Bladder instability or hypersensitivity is the most frequent finding, ranging from 39–61% of subjects. Diminished bladder contractility or sensation has been found less often and an acontractile bladder appears to be quite uncommon.
Male sexual dysfunction
Erectile dysfunction (ED) occurs in a substantial number of men with diabetes, with prevalence estimates ranging from 20 to 71%. In men with diabetes, the relative risk for ED increases with poor glycemic control, duration of diabetes, and the number of other nonurologic complications of diabetes (i.e., retinopathy, nephropathy, and limb loss).
Phosphodiesterase-5 inhibition leads to significant improvements in function in 50–70% of type 1 and type 2 diabetic patients with ED and controlled hyperglycemia. However, the efficacy is reduced compared with nondiabetic populations. Nonresponders to oral treatment benefit from intracavernosal injections of prostaglandin-E1 and related agents, as >80% of men with diabetes develop adequate penile rigidity.
Effective surgical interventions in such cases are limited to penile implants. The risk of periprosthetic infection after implantation in diabetic men ranges from 3.2–15%.
Female sexual dysfunction is associated with biological, psychological, and social determinants. It includes disorders of desire/libido, arousal, inhibited orgasm, and sexual pain. Prevalence increases with age, cardiovascular disease, diabetes, cancer, hysterectomy, and neurological conditions.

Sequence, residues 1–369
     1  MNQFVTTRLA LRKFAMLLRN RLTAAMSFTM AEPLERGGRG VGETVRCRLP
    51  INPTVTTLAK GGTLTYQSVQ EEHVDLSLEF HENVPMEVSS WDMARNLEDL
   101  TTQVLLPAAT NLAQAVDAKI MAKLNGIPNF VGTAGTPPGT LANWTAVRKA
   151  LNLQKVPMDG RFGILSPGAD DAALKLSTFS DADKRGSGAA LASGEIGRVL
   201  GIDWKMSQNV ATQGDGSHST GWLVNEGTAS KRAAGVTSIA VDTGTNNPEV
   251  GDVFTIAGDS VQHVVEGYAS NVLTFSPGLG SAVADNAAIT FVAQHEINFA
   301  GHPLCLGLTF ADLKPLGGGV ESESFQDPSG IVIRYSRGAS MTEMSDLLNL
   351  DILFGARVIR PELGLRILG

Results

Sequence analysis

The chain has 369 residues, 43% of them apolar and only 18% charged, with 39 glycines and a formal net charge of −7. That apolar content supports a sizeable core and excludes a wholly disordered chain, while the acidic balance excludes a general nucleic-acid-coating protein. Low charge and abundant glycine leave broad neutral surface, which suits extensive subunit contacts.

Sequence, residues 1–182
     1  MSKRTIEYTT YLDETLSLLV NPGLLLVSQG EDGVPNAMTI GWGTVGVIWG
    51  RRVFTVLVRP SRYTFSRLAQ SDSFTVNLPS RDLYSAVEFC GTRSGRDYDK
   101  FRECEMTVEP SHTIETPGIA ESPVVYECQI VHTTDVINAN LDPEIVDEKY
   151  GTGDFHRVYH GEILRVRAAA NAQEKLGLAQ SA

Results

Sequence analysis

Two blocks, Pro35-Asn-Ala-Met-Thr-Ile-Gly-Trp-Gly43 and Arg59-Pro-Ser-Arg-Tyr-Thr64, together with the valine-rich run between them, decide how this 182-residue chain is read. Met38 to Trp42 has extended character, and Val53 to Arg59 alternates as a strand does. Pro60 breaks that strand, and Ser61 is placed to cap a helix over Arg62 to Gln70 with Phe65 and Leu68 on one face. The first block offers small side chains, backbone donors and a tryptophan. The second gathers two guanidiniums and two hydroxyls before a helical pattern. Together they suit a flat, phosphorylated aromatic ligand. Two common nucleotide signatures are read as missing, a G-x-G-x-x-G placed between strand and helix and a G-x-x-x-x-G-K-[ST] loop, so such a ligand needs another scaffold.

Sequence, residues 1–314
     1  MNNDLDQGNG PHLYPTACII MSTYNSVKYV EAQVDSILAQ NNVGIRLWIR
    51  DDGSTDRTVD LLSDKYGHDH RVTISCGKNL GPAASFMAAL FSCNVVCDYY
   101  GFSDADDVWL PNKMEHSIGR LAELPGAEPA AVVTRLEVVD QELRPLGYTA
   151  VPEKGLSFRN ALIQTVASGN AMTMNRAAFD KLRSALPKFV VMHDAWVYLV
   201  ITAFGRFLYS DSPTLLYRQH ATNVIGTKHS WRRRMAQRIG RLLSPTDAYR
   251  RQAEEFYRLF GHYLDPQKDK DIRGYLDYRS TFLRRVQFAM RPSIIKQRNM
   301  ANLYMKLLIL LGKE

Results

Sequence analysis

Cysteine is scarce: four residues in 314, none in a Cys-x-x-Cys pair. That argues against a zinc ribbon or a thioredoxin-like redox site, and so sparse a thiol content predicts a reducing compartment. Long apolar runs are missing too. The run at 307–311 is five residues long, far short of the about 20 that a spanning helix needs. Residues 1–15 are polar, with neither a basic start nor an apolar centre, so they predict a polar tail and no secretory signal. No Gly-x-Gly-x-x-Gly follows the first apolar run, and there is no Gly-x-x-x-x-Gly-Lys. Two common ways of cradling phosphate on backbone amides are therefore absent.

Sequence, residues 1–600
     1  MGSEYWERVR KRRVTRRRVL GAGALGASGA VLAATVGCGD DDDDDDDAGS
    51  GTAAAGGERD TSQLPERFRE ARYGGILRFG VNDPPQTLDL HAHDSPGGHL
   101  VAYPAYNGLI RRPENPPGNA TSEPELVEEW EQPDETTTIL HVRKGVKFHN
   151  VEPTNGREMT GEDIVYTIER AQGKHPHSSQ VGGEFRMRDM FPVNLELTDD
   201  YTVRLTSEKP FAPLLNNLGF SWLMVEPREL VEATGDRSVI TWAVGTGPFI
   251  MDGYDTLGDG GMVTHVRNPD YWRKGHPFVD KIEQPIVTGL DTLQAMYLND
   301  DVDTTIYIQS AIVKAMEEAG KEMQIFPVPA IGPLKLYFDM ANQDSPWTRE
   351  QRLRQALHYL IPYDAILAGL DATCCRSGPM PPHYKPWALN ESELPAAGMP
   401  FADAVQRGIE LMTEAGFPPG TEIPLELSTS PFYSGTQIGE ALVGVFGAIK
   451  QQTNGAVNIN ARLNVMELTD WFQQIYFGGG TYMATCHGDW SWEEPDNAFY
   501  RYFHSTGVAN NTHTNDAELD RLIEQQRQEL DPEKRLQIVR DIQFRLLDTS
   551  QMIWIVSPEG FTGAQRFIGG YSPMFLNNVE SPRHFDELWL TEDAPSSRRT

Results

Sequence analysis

Who is at risk for developing sexual and urologic problems of diabetes?
Risk factors are conditions that increase the chances of getting a particular disease. The more risk factors people have, the greater their chances of developing that disease or condition.
Diabetic neuropathy and related sexual and urologic problems appear to be more common in people who
- have poor blood glucose control
- have high levels of blood cholesterol
- have high blood pressure
- are overweight
- are older than 40
- are physically inactive
Can diabetes-related sexual and urologic problems be prevented?
People with diabetes can lower their risk of sexual and urologic problems by keeping their blood glucose, blood pressure, and cholesterol levels close to the target numbers their health care provider recommends.
Being physically active and maintaining a healthy weight can also help prevent the long-term complications of diabetes.
For those who smoke, quitting will lower the risk of developing sexual and urologic problems due to nerve damage and also lower the risk for other health problems related to diabetes, including heart attack, stroke, and kidney disease.
Review of your medication,Certain medicines can affect the kidneys as a side-effect which can make diabetic kidney disease worse. For example, you should not take anti-inflammatory medicines unless advised to by a doctor. You may also need to adjust the dose of certain medicines that you may take if your kidney disease gets worse.